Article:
Tuesday, March 15, 2011


Finding someone to write a guest post about Leon Russell, who is being inducted into the Rock and Roll Hall of Fame was pretty easy.  Chris is a familiar face at the coffee house that I sometimes go to, and recently when we were both there, the new Elton John/Leon Russell album, The Union, was playing. Chris mentioned being a HUGE Leon fan, and noted that he wasn't really into Elton. He strikes me as a nicer version of the "Barry" character who works in the record store in Nick Hornby's High Fidelity. He's not into bullshit, and wants to listen to the real deal when he listens to music. He doesn't need to be pandered or "marketed" to. No surprise that he's a fan of Leon's. Here's his guest post about the man.  Thanks, Chris.

"The first time I heard Leon Russell I was watching Saturday Night Live rerun that had been filmed years before I was even born ('editor's note' - most likely the May 15 1976 episode). He was the musical guest that night and while I can’t remember the song that was performed, I liked his look - big beard (that had not yet gone white) and a badass top hat, especially. He reminded me of Dr. John.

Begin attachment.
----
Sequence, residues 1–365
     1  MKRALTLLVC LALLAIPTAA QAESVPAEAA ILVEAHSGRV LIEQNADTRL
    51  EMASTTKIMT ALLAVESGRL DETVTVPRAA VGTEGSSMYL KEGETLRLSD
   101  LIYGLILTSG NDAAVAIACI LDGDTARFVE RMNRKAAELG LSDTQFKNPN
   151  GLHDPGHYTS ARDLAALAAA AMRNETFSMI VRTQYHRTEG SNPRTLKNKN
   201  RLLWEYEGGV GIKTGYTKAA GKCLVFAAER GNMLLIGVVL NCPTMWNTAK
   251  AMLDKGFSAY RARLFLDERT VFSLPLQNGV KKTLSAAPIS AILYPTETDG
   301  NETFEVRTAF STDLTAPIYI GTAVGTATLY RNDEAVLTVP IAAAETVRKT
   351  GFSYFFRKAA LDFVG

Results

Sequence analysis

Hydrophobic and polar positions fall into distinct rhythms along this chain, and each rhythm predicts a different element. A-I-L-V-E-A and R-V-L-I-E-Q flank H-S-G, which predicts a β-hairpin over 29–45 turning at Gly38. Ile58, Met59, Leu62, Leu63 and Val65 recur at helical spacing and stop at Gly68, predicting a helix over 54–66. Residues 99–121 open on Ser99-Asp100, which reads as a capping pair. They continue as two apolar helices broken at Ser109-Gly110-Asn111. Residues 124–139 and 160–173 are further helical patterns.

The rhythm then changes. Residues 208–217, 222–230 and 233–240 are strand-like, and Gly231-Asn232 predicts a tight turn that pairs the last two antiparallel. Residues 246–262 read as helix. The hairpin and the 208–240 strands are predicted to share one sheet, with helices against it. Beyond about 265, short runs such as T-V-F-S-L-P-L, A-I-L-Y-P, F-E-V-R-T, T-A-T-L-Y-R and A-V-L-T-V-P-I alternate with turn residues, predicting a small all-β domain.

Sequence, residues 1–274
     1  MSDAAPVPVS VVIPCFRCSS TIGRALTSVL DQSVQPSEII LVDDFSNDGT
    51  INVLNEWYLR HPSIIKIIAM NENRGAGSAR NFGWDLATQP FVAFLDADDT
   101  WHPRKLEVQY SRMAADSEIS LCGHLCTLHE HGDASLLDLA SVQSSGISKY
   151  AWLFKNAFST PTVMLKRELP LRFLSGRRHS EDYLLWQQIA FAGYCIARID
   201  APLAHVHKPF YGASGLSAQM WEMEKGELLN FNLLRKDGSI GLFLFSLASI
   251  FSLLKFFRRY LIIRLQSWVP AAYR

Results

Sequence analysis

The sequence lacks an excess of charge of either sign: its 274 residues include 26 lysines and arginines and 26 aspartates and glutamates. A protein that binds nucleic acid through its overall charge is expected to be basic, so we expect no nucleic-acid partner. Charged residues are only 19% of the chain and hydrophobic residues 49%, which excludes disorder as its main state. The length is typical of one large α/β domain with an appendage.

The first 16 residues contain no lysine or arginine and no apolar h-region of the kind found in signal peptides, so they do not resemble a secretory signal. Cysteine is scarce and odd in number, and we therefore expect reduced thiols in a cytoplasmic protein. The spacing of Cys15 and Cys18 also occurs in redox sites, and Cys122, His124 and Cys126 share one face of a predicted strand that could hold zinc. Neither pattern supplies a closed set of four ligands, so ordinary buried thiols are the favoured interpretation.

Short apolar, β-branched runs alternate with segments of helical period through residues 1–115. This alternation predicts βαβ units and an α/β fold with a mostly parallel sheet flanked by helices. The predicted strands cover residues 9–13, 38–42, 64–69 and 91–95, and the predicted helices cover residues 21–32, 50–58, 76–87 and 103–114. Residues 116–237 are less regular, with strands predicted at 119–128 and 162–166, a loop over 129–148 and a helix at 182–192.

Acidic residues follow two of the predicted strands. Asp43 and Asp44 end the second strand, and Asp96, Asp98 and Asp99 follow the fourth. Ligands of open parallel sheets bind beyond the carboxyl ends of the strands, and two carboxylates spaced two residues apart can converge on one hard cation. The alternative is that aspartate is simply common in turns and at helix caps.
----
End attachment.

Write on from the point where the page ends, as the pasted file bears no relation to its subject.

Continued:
At some point I looked into his back catalog and picked up his self-titled debut with his whiskered, unsmiling face against an electric blue background. I fell into it immediately. He played the sort of R&B-studded Southern rock that I was very much into at the time, with a stronger sense of songcraft and less guitar noodling than a lot of the other bands. There are no sharp edges to his voice when he sings, only a round, slurred Oklahoma drawl that he played up very effectively over the bump and shuffle of his backing band. This was wonderful to a faux-jaded teenager like me. I even liked his re-imagined covers he put on the album. To this day, his gospel shakedown of John Lennon's 'Give Peace A Chance' remains one of my favorite covers.

Russell was inducted into the Rock & Roll Hall of Fame tonight, almost certainly due to the album released last year that he shared with another talented musician. He was a brilliant and sought-after session man before anyone had ever heard of him, and he deserves the acclaim he’s gotten lately. Give Leon Russell a listen and see for yourself."

Here's my beginner's guide to Leon: on April 5, EMI releases The Best Of Leon Russell, a single CD collection, featuring mostly '70s material, but it also has "If It Wasn't For Bad" from The Union. The Leon celebration doesn't end tonight.  Leon is being inducted into The Songwriter's Hall of Fame later this year.

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